Experts Ridiculed Amateur Who Died Before His Vindication

(p. 236) The Altamira cave, near Santander, near the Biscay coast, is 961 feet (263 meters) long, a cavern of chambers and passages, ending in a narrow defile known as the Horse’s Tail. A local landowner, Don Marcelino Sanz de Sautuola, noticed some black marks at the back of the cave in 1876, but thought nothing of them until his eight-year-old daughter Maria, bored with his excavations, wandered with a candle into a side chamber. “Toros! Toros!” she cried, in one classic, and seemingly authentic, tale of archaeological discovery. Father and daughter gazed in amazement at the colorful bison on the ceiling of the low chamber.

Sautuola noticed close similarities between the art and pictures of animals he had seen on antler and bone fragments from French rock shelters at an exhibition in Paris. He claimed that the Altamira bison were the work of Stone Age artists but was ridiculed by scholars for his pains. The unfortunate landowner was vindicated after his death by paintings and engravings discovered at La Mouthe and Les Combarelles caves in 1895 and 1901.

Fagan, Brian. Cro-Magnon: How the Ice Age Gave Birth to the First Modern Humans. New York: Bloomsbury Press, 2010.
(Note: italics in original.)

Myron Scholes on Sticking to His Ideas, Losing $4 Billion in Four Months, and Rejecting Taleb’s Advice


Myron Scholes. Source of photo: online version of the NYT article quoted and cited below.

(p. 22) The writer Nassim Nicholas Taleb contends that instead of giving advice on managing risk, you “should be in a retirement home doing sudoku.”
If someone says to you, “Go to an old-folks’ home,” that’s kind of ridiculous, because a lot of old people are doing terrific things for society. I never tried sudoku. Maybe he spends his time doing sudoku.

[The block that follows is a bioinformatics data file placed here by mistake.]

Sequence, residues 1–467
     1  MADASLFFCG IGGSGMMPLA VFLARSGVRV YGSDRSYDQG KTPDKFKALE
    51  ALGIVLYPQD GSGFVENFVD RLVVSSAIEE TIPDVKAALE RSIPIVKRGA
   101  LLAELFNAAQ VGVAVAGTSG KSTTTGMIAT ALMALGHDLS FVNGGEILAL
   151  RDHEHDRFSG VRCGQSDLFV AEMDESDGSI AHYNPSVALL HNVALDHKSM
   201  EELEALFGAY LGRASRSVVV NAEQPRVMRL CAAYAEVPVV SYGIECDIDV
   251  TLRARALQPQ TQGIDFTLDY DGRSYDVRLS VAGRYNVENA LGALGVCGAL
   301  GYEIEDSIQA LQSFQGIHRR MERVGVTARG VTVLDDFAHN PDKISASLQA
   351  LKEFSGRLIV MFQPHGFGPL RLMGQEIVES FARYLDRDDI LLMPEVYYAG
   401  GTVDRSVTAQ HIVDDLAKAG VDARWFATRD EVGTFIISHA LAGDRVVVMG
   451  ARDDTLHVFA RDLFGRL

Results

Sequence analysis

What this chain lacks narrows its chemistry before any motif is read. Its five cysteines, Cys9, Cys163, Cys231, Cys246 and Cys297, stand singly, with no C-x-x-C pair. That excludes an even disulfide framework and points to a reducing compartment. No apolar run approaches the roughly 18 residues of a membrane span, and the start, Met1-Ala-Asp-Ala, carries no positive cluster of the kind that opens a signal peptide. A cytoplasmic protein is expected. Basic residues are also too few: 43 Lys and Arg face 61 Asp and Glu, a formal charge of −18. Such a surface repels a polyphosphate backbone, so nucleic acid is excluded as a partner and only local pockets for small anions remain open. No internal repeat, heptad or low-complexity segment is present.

Some economists believe that mathematical models like yours lulled banks into a false sense of security, and I am wondering if you have revised your ideas as a consequence.
I haven’t changed my ideas. A bank needs models to measure risk. The problem, however, is that any one bank can measure its risk, but it also has to know what the risk taken by other banks in the system happens to be at any particular moment.
. . .
After leaving academia, you helped found Long-Term Capital Management, a hedge fund that lost $4 billion in four months and became a symbol of ’90s-style financial failure. .
Obviously, you prefer not to have lost money for investors.

For the full interview, see:
DEBORAH SOLOMON. “Questions for Myron Scholes; Crash Course.” The New York Times, Magazine Section (Sun., May 17, 2009): 22.
(Note: ellipsis added; bold in original versions, to indicate questions by Deborah Solomon.)
(Note: the online version of the article is dated May 14, 2009.)

FDR’s Taxes Deepened the Great Depression

Professor Ohanian is a UCLA economist well-known for his research on the Great Depression. Below I quote a few of his recent observations (with co-author Cooley):

(p. A17) In 1937, after several years of partial recovery from the Great Depression, the U.S. economy fell into a sharp recession. The episode has become a lightning rod in the ongoing debate about whether the economy needs further increases in government spending to keep employment from declining even more.
. . .
The economy did not tank in 1937 because government spending declined. Increases in tax rates, particularly capital income tax rates, and the expansion of unions, were most likely responsible. Unfortunately, these same factors pose a similar threat today.
. . .